Put the chicken in the pan and turn it over a few times so that it gets thoroughly coated with the spices and the onions. Cook it for a minute or two.
Add the potato pieces, tomatoes, vinegar and 1 1/4 tsp of the lemon juice. Bring the chicken mixture to a boil. Once it starts to boil, lower the heat, put a cover on the pot, and simmer for 40 minutes. The chicken and the potatoes should be soft and tender by then. Test with a knife to make sure it’s all cooked through.
Remove the pan from the heat and set aside on a cutting board. Add the remaining lemon juice and stir to combine it with the rest of the sauce. Remove the cardamom pods and serve.
Note: You might want to put the cardamom pods in a tea ball (or cheesecloth) to make it easier to fish them out when you're ready to serve.
Tools and Ingredients for Jewish Chicken Curry Chitarnee
Garam Masala is a blend of warm, aromatic spices that gives a great flavor punch to many recipes. It’s not spicy though. It’s made with nutmeg, coriander, cumin, cloves, and seven other spices. It’s great on eggs, chicken, or to make your own chai (spiced tea). You can also add it to desserts (think pumpkin spice with a bit more flair), or hot drinks.
I confess when I first heard of cardamom I thought it would be spicy and overpowering. It isn’t! Instead, it adds an aromatic, slightly minty, herbal flavor to your food. Put it in your coffee as a “sweetener” without sugar. Or add it to dessert recipes (I’m thinking it would be great in a pear tart). Or toss one or two pods in with your rice for a flavor boost.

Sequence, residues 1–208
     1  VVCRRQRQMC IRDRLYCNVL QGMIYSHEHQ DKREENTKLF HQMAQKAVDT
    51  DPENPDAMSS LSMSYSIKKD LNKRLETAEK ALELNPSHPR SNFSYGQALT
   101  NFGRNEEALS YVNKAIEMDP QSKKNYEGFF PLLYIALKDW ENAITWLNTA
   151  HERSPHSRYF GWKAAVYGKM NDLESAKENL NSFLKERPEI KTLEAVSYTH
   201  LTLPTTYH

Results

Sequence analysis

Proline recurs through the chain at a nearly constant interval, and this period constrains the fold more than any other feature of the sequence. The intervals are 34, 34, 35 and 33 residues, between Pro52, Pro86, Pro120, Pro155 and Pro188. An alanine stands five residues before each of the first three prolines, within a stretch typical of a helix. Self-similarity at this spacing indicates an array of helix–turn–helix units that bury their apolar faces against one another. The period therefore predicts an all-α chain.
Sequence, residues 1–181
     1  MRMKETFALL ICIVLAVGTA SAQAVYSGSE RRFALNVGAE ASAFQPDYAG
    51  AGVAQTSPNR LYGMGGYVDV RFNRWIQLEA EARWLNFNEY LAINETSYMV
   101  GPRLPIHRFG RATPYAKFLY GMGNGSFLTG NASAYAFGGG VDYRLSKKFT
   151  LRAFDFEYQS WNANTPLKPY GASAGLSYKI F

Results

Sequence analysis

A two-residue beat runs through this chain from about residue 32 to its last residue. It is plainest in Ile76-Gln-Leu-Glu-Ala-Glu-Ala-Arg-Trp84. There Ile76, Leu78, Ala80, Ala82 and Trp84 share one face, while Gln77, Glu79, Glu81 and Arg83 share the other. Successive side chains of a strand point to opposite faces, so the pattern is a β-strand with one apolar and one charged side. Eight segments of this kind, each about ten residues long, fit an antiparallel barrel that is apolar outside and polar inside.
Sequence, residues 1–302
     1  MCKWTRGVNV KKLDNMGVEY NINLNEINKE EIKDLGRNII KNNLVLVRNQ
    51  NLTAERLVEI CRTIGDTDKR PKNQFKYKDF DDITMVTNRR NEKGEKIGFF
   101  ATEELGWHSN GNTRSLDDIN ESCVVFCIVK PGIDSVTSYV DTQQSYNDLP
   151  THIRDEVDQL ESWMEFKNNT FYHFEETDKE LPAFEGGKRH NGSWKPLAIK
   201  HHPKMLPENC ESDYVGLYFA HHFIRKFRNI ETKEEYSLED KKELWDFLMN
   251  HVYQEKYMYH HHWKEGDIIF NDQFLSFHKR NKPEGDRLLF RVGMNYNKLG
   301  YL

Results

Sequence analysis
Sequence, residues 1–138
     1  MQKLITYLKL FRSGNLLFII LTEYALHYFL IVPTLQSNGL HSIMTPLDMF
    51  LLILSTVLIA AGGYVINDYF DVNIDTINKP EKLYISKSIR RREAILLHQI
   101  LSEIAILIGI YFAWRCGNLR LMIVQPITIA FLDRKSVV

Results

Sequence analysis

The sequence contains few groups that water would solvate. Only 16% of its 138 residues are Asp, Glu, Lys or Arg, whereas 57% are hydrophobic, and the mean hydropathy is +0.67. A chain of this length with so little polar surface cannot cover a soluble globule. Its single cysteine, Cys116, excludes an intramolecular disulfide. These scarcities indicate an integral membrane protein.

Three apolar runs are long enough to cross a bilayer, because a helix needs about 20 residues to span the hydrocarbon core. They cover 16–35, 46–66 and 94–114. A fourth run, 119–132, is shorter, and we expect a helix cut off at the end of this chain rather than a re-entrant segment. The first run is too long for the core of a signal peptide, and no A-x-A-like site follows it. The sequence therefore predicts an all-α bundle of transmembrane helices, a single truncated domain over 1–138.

This is technically supposed to be used for brewing tea. However, I find they’re great for cooking. Trying to fish out a bay leaf is a pain.
With the tea ball, instead of splashing through a pan of chicken, or a pot of soup to find a bay leaf, cardamom pods, or whole cloves you aren’t going to eat, put them in a tea ball, and drop that into the pan, and hook the end on the side of the pot. That way, the spices are easy to remove, and you don’t have to worry about biting down on a clove!
These Turkish lamb burgers are flavorful, filling, and just a little bit messy, so keep plenty of napkins handy. It’s worth the mess though. The burgers are rich from lamb, slightly salty from the feta and spicy/warm from cumin and garlic. Adding mint to both the burgers and the yogurt cucumber sauce adds a fresh, cool flavor to balance out the spices.
I adapted this recipe from one I found online so long ago I can’t remember where I found it. It does require a bit of pre-planning, since the meat mixture has to sit for a while for the flavors to blend. So, it’s probably best for a weekend, rather than a Tuesday dinner. However, once that’s done, the rest of the recipe comes together pretty quickly. And, it’s practically a meal all by itself.
Make the meat mixture for the burgers first, let it sit overnight or a few hours in the fridge, and then make the cucumber yogurt sauce while the burgers are cooking.